The rest were successful. In a report on the subsequent trials, Park
said:

"The airplane demonstrated good wave-off characteristics, and I felt
at the time that landing could be made without a hook. We required
very little special handling and even took the airplane down to the
hangar deck. The outer 70 inches of the wings fold and by careful
placement on the elevator we could get it in [the hangar] with no
problem."

For all that, the idea of the seagoing U-2 just never generated much
enthusiasm. The official CIA history contends that the agency
conducted no further U-2 missions from an aircraft carrier. It said:
"Aircraft carriers are enormously expensive to operate and require an
entire flotilla of vessels to protect and service them. The movement
of large numbers of big ships is difficult to conceal and cannot be
hastily accomplished, while the deployment of a solitary U-2 to a
remote airfield can take place overnight."


A U-2R undergoes carrier qualifications on USS America in November
1969. By this time, the spyplane was 40 percent larger than earlier
versions, but its wings folded up and it required little special
handling on the carrier.


The Navy wasn't finished with the U-2, however. In a separate program
in 1973-74, two U-2R aircraft were modified to the U-2EPX
configuration for evaluation by the US Navy for the ocean surveillance
role. During the evaluation the airplanes were fitted with a
derivative of the AN/ALQ-110 Big Look surveillance system, a modified
AN/APS-116 forward-looking radar (useful for detecting surface ships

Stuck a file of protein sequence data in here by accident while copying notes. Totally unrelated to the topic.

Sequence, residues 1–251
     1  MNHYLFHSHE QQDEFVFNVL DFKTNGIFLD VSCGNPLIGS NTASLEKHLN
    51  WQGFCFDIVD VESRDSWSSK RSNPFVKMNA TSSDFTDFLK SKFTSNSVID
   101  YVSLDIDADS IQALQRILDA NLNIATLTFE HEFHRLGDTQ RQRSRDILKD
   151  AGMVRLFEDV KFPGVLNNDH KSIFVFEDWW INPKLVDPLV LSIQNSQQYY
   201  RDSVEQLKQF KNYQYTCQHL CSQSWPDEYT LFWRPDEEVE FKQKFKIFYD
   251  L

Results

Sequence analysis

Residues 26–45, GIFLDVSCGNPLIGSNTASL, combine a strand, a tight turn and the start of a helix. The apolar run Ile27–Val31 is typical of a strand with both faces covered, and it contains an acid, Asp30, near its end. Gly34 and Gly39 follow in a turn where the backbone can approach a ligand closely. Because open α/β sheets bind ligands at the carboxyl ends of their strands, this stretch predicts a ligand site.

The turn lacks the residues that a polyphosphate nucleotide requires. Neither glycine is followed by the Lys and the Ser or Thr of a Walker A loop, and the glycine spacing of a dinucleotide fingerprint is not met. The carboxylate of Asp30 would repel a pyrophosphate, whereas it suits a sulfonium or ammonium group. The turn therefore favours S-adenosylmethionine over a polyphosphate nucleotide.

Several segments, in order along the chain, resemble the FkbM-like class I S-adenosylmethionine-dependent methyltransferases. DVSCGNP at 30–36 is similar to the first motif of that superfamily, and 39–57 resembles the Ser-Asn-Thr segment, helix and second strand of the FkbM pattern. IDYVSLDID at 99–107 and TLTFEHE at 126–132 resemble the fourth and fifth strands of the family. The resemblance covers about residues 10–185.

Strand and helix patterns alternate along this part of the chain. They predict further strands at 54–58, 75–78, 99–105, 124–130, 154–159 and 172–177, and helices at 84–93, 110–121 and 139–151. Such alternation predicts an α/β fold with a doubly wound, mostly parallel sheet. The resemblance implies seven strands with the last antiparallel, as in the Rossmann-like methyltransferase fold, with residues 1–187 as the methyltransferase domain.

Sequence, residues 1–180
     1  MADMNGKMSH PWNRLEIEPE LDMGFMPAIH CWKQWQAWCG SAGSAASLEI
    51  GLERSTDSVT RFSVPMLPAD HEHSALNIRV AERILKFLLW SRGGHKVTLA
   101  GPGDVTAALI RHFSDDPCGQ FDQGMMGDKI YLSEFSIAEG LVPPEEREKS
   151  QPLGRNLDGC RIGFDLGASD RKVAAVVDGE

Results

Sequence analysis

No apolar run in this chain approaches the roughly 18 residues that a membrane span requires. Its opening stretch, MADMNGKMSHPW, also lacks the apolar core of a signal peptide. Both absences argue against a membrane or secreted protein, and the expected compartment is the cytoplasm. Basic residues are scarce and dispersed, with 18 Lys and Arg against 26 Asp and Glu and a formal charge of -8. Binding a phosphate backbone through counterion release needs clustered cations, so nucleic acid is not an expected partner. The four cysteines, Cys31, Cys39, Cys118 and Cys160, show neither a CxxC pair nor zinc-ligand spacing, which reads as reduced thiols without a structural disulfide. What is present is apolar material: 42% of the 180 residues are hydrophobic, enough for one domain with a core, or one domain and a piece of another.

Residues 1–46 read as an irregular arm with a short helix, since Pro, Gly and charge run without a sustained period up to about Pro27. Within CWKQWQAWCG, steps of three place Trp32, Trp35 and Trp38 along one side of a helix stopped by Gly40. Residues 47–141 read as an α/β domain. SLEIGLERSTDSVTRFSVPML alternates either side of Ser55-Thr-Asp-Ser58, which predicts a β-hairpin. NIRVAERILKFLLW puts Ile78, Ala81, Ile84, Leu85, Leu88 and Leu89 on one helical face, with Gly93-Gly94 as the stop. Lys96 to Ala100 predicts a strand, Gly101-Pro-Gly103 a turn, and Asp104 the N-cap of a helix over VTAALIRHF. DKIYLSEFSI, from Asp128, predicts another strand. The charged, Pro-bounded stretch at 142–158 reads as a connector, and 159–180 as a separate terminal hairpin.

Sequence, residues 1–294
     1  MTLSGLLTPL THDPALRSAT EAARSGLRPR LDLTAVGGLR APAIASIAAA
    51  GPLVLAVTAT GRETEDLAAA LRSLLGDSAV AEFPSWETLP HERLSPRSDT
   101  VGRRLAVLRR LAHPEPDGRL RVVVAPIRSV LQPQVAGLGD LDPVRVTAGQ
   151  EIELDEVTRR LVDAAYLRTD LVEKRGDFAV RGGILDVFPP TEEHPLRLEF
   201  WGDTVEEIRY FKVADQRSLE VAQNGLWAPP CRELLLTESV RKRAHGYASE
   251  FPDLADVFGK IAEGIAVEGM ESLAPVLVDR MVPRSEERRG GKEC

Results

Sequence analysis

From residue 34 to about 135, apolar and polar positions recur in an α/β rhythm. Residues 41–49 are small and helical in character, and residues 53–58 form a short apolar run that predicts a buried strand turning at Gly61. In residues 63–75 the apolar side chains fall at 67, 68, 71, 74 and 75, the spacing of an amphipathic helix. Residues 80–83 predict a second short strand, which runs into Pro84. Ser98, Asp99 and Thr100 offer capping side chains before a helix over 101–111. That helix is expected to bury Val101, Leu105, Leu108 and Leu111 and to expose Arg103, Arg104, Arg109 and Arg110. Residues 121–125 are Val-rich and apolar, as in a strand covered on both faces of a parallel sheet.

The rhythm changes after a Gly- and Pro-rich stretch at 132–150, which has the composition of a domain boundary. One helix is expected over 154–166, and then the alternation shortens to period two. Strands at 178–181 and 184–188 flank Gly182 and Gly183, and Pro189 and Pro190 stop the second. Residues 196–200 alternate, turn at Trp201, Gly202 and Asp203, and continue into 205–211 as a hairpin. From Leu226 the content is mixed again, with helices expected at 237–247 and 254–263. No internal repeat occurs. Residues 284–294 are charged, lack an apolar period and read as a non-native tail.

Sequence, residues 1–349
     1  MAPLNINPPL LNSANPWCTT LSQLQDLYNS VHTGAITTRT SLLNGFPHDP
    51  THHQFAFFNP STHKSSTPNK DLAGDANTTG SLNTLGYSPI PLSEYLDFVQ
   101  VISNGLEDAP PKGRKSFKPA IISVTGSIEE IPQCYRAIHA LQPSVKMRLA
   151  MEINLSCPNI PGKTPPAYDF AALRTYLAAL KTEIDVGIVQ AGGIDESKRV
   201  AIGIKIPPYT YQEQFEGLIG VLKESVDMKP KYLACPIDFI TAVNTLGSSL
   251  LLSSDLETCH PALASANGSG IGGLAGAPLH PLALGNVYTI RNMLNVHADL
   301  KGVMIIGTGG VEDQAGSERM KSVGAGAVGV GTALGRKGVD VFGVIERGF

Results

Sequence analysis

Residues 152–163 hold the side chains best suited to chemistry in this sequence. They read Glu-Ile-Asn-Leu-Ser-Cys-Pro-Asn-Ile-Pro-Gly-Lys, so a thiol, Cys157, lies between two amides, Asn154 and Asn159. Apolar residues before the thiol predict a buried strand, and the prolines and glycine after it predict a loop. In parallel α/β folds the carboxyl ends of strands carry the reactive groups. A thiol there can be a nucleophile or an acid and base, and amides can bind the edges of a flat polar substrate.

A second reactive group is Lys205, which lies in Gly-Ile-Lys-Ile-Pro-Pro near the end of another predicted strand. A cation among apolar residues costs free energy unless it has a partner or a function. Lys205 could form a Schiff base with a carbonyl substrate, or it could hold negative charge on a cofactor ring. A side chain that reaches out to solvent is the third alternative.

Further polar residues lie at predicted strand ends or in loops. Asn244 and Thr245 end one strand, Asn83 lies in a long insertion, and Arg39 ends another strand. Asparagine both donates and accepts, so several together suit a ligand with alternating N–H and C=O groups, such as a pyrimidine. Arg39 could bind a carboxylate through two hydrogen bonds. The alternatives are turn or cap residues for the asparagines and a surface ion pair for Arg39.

and periscopes or snorkels of submerged submarines), and an infrared
detection unit. The radar, fitted in the U-2's sensor or "Q" bay, had
an antenna protruding below the fuselage in an inflatable radome.

The U-2EPX was to link its radar to surface ships under a program
known as Outlaw Hawk. Other sensors, including space- and land-based,
were to be linked to a command center ashore and, subsequently,
fitted in the carrier Kitty Hawk. During the Outlaw Hawk exercise
involving Kitty Hawk, the carrier steamed from San Diego to Pearl
Harbor, with the U-2s flying from California. (The participation of
U-2s in another Outlaw Hawk exercise in the Mediterranean was
canceled.) The U-2EPX concept died because of high costs and the
promised effectiveness of satellites for ocean surveillance.

Lockheed, ever hopeful of an enlarged U-2 program, also proposed the
315B design, a two-seat variant that would carry Condor anti-ship
missiles under its wings. Development of the Condor missile-which was
to have carried a conventional or W73 nuclear warhead-was canceled
before becoming operational. Yet another "payload" envisioned for
U-2s in this period was a pair of drones that would be released to
serve as decoys for missiles fired against the U-2.

Still, no U-2 variant ever entered naval service. At the same time,
Boeing proposed a much larger aircraft of this type (i.e., a powered
glider with a 200-foot wingspan) for the ocean surveillance role. The
Navy did not build it.

The carrier and naval aspects of U-2 development and operations,
though interesting, occupy but a few pages in the record of the U-2
spyplane, a most unusual and important aircraft.



  #8  
Old July 14th 05, 11:38 PM
Greasy Rider© @ invalid.com
external usenet poster
 
Posts: n/a
Default

On Thu, 14 Jul 2005 16:09:32 -0400, "Megan"
postulated :
When I was at Beale they always said they quit using carriers because the
chase cars couldn't stop fast enough


Brings new meaning to the old saying:
"One a day in Tampa Bay" ...